Wednesday, February 13, 2008

Songs of the Survivors - A Book Review

Songs of the Survivors, ed. Yvonne Vaz Ezdani, Broadway Book Centre, Panjim, 2007, pp. 289 by Teotónio R. de Souza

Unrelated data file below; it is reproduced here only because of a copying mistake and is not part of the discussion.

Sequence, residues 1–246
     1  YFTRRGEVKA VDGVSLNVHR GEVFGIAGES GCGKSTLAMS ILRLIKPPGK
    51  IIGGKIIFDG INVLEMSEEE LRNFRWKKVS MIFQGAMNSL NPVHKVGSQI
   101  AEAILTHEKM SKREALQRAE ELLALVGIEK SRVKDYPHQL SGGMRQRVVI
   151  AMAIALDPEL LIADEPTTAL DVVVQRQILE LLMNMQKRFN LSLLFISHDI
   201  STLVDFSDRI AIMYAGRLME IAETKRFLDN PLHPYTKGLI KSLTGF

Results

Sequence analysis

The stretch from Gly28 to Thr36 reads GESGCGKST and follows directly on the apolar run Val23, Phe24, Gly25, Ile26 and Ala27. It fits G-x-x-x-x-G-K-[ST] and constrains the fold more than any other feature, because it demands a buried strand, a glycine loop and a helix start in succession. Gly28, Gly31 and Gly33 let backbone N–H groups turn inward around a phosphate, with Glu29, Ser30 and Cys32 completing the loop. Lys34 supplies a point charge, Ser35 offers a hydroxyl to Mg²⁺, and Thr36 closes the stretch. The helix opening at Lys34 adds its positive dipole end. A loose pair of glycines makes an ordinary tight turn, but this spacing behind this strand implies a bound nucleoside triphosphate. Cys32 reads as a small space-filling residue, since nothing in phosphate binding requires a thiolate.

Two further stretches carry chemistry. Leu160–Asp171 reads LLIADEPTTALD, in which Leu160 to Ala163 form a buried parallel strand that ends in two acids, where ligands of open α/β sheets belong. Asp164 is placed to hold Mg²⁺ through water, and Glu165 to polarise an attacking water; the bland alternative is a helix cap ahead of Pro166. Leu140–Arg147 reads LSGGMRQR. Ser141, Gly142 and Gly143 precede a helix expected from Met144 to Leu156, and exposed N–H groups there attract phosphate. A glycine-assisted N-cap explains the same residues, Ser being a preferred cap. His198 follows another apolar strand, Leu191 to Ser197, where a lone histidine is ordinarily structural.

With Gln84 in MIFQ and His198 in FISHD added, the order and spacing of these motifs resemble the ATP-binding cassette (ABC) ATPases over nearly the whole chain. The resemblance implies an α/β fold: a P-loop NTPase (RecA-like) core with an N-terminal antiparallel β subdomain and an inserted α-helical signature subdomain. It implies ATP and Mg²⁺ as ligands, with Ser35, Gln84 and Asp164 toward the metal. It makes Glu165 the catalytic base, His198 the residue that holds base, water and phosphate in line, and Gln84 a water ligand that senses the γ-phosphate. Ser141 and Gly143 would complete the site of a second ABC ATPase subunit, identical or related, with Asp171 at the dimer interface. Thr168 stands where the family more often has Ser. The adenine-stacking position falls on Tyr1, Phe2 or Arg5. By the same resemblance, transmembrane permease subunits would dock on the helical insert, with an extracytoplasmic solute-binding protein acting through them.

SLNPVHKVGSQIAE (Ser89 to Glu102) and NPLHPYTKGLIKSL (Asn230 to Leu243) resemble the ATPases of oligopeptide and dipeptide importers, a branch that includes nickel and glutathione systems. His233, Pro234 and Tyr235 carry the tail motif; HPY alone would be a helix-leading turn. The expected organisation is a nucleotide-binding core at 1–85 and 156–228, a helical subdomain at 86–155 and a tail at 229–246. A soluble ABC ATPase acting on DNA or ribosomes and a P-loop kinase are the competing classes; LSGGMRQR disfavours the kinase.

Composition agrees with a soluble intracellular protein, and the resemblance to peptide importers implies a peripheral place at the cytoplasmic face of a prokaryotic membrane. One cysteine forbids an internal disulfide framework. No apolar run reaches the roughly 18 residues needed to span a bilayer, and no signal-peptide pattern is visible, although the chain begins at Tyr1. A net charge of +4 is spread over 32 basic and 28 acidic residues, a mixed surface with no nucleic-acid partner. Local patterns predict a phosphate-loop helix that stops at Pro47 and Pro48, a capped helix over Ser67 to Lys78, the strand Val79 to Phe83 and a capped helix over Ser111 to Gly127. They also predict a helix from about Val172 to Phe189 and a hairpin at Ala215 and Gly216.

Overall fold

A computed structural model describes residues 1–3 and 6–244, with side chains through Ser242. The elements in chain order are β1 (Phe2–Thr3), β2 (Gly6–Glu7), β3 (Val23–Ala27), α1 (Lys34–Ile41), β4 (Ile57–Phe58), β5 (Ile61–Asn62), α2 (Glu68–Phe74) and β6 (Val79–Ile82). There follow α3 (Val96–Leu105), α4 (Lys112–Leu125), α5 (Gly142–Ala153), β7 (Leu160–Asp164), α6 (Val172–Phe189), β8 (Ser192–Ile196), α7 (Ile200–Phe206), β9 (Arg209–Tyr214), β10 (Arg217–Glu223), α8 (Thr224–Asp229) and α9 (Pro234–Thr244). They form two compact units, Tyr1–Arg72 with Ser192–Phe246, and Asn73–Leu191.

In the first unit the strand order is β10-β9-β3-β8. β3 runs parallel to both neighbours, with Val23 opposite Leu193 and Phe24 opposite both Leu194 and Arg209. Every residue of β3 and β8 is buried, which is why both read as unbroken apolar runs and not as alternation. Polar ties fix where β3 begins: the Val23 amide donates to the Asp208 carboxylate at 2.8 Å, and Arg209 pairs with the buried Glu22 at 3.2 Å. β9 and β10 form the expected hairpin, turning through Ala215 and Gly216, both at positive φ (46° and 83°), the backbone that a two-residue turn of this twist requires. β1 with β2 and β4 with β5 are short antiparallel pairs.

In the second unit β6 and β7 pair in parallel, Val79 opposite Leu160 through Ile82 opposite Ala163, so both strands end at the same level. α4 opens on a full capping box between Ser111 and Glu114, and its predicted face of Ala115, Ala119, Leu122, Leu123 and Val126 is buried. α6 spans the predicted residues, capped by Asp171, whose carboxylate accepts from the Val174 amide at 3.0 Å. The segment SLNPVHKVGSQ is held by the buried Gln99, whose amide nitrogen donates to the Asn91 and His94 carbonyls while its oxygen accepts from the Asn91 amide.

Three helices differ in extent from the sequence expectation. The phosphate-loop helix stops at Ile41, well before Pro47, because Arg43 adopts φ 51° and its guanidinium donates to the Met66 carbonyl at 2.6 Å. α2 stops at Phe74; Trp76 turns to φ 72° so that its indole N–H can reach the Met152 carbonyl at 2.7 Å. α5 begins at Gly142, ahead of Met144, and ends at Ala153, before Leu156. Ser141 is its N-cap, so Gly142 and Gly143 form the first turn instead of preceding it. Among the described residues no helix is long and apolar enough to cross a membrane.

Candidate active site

Oral testimony is one of the most valuable but challenging sources for the study of modern history, providing access to knowledge and experience unavailable to historians of earlier periods. However, it implies methodological problems of collection and interpretation, including the risk of re-enacting the role of the proverbial blind men of India who described an elephant after touching one single part of elephant's body. The British empire is in this book an elephant to contend with, and the goodies served to the imperial subjects, including the grateful ex-Burma Goans, constitute a serious challenge to the interpretation of the oral testimonies and record of lived experiences. Yvonne Vaz Ezdani, the editor of this volume is not unaware of the pitfalls. Her introduction sets Burma pretty well (in her perspective) and briefly in its geographical, cultural and historical context, but probably logistical difficulties did not permit her to ask her contributors some questions that could have elicited their responses about intra-community relationships, or about their day-to- day dealings with the Burmese population. This was essential when we are told that " this is not just a story of Goans in Burma, or Goans alone… It is a wider story of human determination to fight the odds, and also a story of yet another insightful chapter of the little- understood reality of Goan migration worldwide… Stories in the book also reveal other aspects of the Goan diaspora in Burma: why and when they went to Burma, how they earned their living there, how they adapted to the culture and lifestyles, what they felt about the land and the local people, and much more." We can see in these personal reminiscences of ex-Burma Goans how their traditional piety did not fail them through life's ordeals during the trek and during the difficult years that followed. Salman Rushdie may not have overstated in *The Moor's Last Sigh* the devotion of the Indo-Portuguese families for kababed saints and tandooried martyrs. In 1932 many of them came faithfully all the way to the feet of St. Francis Xavier. And with so many ex-Burma Goans in the *Songs of the Survivors* (Sunny Siqueira, Anthony John D'Cruz, Alex C. Fernandes, Patricia Carmen Therese (née Duarte), Francis Siqueira, Antoinette née Selkirk, Anthony Xavier Rego, L.C. Saldanha, Cajetan Bernard Silgardo, John Menezes, José Cordeiro, Alex de Souza) who made their living and brought cheer to others with music, Salman Rushdie's *The Ground Beneath her Feet* could once again convey fitting homage to these musical children of Goa who had learnt to rock and roll despite the ground cracking beneath their feet time and again. The editor tells us also that "this book aims at capturing the memories of a generation that is advancing in age. It hopes to help Goans understand another aspect of their own histories. It also seeks to record tales of determination and survival that are relevant to people everywhere. While aimed at the general reader, one hopes the scholar or historian may also find some useful information in the narratives of oral histories put down in print." But for being "a generation that is advanced in age" and closely related as family and friends, there could be little excuse for justifying opportunism as a very human tendency to want a good life. It may be true that when you don't get the opportunities in your home country you look for it elsewhere, and feel some gratitude and loyalty to whoever provides you with prosperity and status. But this is also a unique occasion to leave a question, that may appear crude and cruel: How do such simple and good people compare with other simple and equally good people who stayed put, struggled and even died in their resistance to the imperial-colonial logic in order to gain freedom for their countrymen? We have seen some other earlier Goan efforts at reaching catharsis after similar exit-ential tragedies, such as the one lived by Goan survivors of Idi Amin's expulsion of Indians from Uganda, in Peter Nazareth's scholarly fictional tale The General Is Up (Calcutta, Writer's Workshop, 1984) or in less scholarly edition of A Collection of Goan Voices by Susan Rodrigues. Such narratives, including the present one, whatever their literary form or academic quality, they are valuable records of human pathos. Even when some of them reflect faded memories as regards some details, they reveal by that very fact the human capacity to empty the debris of their past life-constructions and to look ahead with fresh hopes kindled and sustained by younger generation, as when Donald Menezes recalls in this book : "For ten days, we stayed at Kokine Lakes, bathing and swimming in the lake, singing, dancing, dallying with the girls, playing with the kids, joking with the elders and dashing for the trenches when the sirens went out. Our cheerfulness and helpfulness buoyed up the elderly". These and other, more or less heart-renting and comforting accounts raise long-term existential doubts. My critical comments are not intended here as discordant notes in the midst of so much music that resonates in this book, but as calls for greater self-consciousness of Goans as a community that needs to construct its own future, ceasing to be a play-thing of alien interests in exchange of short- term satisfactions. From time to time, tragedies have joined the Goans as Goans, or as relatives and friends from Goa into a fellowship of sufferers? However, Goans need to look frontally and question themselves as to how many of their fellow-Goans and countrymen they exclude from their fellowship and concern, consciously or unwittingly in good times. The differentiated caste- clubs in Uganda make me raise this question. The narratives in this book seem to be restricted to Goans of one caste, and curiously limited to Saligão and some surrounding villages, with a couple of exceptions of Benaulim and Divar. Beyond the village and family links, church celebrations and love for music it is difficult to perceive the "Goanness" in this book. From my private queries I got some responses, including thankfully from the editor herself, pointing to the existence of a Goan Club in Burma that was known as Portuguese Club, or about Goans who chose to distance themselves from Indians, who were seen in Burma either as exploiting money-lenders or as coolies working for half an anna. Goans preferred to be identified with the Anglo-Indians or with the Portuguese. We are also told that the Burma trek included a "White Route" for the Europeans, Anglo-Indians and Goans, and a "Black Route" for the other Indians. These colonial-racial biases could have merited some soul-searching or at least some passing criticism in these narratives. Contrarily, Gerard Lobo expresses unqualified gratefulness of Goans to Pax Britannica that permitted many to leave their motherland for parts of British India (what is now Pakistan, India, Bangladesh and Burma) at times when there was little gainful employment under Portuguese. The editor herself presents a reading of the Burmese history and the behavior of her last kings from a British imperial perspective. We are told that the last king of Burma was "weak and arrogant", unlike his father who was a "shrewd diplomat" and maintained "correct relations" with the British by refusing to side with the Indians during the 1857 mutiny and even gave a big donation to the British victims of the Mutiny! Such a reading is a far cry, for instance, from *The Glass Palace* of Amitav Gosh, who handles Burma experiences of Indians very differently. For a historian born in India after 1947 this book represents a vintage of Goan nostalgia, blissfully unaware of the logic of the empires, be they British, Portuguese or Japanese. Though many contributors in this book refer frequently and gratefully to the Loretto Convent in Calcutta, where they were welcomed at the end of the grueling trek, while others made their way through Madras, or chose to rebuild their lives in places like Belgaum, where the cost of living was cheaper and had good schools and colleges, or in Bangalore, Bombay, Pune, Lucknow and Allahabad, where they found easy employment and supportive environment, these are all destinations that seem to be taken for granted, without questioning if it was Mother India, or Queen of England, or both that made them feel safe. Isa Vaz tells us that her family moved from Goa to Calcutta, and when the Allied forces announced victory in June 1944, she along with other children marched joyously on Chowringee Maidan to the tune of 'God Save the King'. Her family returned to Burma, but was back in India a few years later due to the Karen uprising. The bulk of these ex-Burma Goans lives happily today in India, and not in U.K. or Portugal. The publication of a book like this can provide a wonderful opportunity to the Goan writers and readers alike to go beyond reminiscences and to find some answers to the historical complicity of Goans, willingly or unwittingly, with the colonial powers and to their lack of national consciousness. Instead of stopping with the judgement of the rulers of Burma, past and present, we should be able to ask: What right did the British have to re-locate even the worst king of Burma to Ratnagiri? Or to deport Indian nationalist leaders, including the renowned Bal Gangadhar Tilak, to Mandalay? Does not the British exile of the King Thebaw remind anyone here of the present day Burmese Junta trying to erase the memory of Aung San Suu Kyi by placing her under house arrest? At least they have not yet exiled her from her country! If S.N. Bose and his INA were challenging the British in alliance with the Japanese in Burma, why is there so little appreciation for his efforts, even after Martin could improvise some music for celebrating Bose's triumphant entry in Manipur, following the fall of Imphal? It is curious that Goans play tunes for all masters; a recorded tradition that goes back to Albuquerque's military band following the Portuguese capture of Goa. The "Songs of the Survivors" has brought to life and to light one more little known chapter of Goa's history. Yvonne Vaz Eznadi deserves credit for the trouble such a venture involves. If "comfortable and serene lives were shattered and they (contributors to this volume) were plunged into chaos and refugees who fled to India", it is our common wish that true and lasting "comfort and serenity in life" may be forever theirs and ours, and may the ground never again slip from under our feet as a result of forgetfulness or insufficient consciousness of our collective responsibilities and destiny as Goans. --- the end ---